For Torontonian Jon Gee, the portion of bike trail between Massey and Espanola — part of the 3,000-kilometre Great Lakes Waterfront Trail — is what stood out in his mind as one of the best parts of the days-long trek.
Gee was among 145 cyclists to depart from Sault Ste. Marie on July 29 and arrive in today. Throughout the 450-kilometre adventure, they made stops in Bruce Mines, Blind River and Espanola.
In Sudbury, cyclists toured Stack Brewing, Crosscut Distillery and 46 North Brewing, before making their way to Science North to cross the finish line and collect their medals.
This year’s cyclists were from four provinces, including Ontario, Alberta, Quebec and New Brunswick and seven States, including Alabama, Florida, Massachusetts, Minnesota, New Jersey, Arizona and Pennsylvania. They range in age from 23 to 81.
“I've ridden in many of these tours, and this marked the opening of the trail in Northern Ontario, and I really wanted to see it,” Gee said. “It's been a great ride. It's really a good trail for the north. It's scenic, but it's also challenging.”
Developing this trail system is a great way to get people out to see, appreciate and value the wildlife and the ecology that is abundant along the way, he said.
The Great Lakes Waterfront Trail uses a combination of paths, roads and secondary highways connecting 140 communities along the Canadian shores of the Great Lakes and St. Lawrence River from Sault Ste. Marie to the Quebec border.
This year, the Waterfront Regeneration Trust’s 12th annual ride marked the completion and official launch of a four-year program to expand the 3,000 km Great Lakes Waterfront Trail along the Lake Huron North Channel.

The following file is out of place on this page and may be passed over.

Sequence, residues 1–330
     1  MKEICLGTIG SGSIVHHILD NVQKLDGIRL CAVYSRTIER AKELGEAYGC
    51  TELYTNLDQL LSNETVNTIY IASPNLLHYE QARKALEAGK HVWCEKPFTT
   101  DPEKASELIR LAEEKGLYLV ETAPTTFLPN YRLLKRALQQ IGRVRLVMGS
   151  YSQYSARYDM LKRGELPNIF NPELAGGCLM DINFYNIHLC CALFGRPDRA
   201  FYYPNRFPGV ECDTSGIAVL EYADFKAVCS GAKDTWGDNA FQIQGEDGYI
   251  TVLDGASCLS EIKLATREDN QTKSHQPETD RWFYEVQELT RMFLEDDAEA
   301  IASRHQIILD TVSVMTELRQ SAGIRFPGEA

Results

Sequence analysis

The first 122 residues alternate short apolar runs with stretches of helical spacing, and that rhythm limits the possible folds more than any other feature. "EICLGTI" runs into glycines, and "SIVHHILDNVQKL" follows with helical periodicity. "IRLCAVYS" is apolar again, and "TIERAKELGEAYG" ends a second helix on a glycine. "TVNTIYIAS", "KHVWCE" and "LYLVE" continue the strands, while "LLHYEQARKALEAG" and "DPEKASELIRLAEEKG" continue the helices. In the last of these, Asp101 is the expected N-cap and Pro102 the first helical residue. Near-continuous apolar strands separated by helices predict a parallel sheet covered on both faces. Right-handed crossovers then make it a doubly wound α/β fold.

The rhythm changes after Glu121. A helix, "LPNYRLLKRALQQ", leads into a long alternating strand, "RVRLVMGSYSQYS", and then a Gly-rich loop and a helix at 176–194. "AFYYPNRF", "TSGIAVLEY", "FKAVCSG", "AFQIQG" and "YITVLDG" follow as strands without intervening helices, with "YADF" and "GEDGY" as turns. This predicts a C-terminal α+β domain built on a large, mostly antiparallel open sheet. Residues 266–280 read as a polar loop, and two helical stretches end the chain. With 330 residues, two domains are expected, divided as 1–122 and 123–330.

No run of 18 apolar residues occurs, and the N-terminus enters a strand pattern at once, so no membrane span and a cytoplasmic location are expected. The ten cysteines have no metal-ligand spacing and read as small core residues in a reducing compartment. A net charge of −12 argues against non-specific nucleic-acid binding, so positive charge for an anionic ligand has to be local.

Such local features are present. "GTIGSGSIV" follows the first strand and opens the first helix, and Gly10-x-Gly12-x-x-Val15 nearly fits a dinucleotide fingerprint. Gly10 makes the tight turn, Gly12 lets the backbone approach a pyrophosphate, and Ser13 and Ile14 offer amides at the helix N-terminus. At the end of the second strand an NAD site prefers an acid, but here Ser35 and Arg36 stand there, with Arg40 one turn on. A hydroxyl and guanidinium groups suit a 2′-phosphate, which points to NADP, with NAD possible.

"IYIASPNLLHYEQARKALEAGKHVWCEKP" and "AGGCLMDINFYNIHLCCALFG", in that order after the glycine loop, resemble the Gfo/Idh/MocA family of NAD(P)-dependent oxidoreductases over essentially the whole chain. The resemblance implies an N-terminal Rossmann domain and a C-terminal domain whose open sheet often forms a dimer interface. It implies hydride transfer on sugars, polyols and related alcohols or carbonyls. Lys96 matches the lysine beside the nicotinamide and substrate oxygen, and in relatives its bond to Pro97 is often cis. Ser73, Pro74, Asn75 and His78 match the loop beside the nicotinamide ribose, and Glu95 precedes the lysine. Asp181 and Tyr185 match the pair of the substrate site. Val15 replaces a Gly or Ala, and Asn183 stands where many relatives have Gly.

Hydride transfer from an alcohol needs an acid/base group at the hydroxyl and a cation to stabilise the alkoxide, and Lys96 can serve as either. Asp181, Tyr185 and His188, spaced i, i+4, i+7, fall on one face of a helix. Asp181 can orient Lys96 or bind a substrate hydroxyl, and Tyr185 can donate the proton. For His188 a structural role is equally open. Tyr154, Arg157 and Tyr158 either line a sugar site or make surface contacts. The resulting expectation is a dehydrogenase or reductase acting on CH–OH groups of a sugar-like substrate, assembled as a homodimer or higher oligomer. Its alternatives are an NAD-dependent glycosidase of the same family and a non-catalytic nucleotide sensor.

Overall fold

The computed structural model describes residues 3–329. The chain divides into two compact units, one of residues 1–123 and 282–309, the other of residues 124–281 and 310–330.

It is the first provincially recognized cycling route in Northern Ontario and also designated as part of The Great Trail, Canada’s national trail system.
Edward McDonnell, CEO, Greenbelt Foundation, which is one of the partners in the initiative, said his organization spent about seven years working with Waterfront Regeneration Trust on the Greenbelt route, and there interest out of that to connect other communities across the province.
That's how the idea for the Great Lakes Waterfront Trail came about.
“Ultimately, we want to be supporting people who want to go on these cycling adventures and the communities that stand to benefit from a tourism standpoint,” McDonnell said.
“We're seeing a growing demand both for outdoor recreational opportunities and for cycling, in particular. In the Greenbelt, for example, there has been a $2.1-billion expenditure in tourism and recreation, and about $400 million of that has been for cycling alone.
“What we know from various studies, is cycling is one of the fastest growing activities, because people just want to get out and enjoy nature, they want to do things as a family and explore parts of the province they haven't been able to before.”
*Correction: An earlier version of this story incorrectly stated the cyclists travelled 3,000 kilometres. That has been corrected.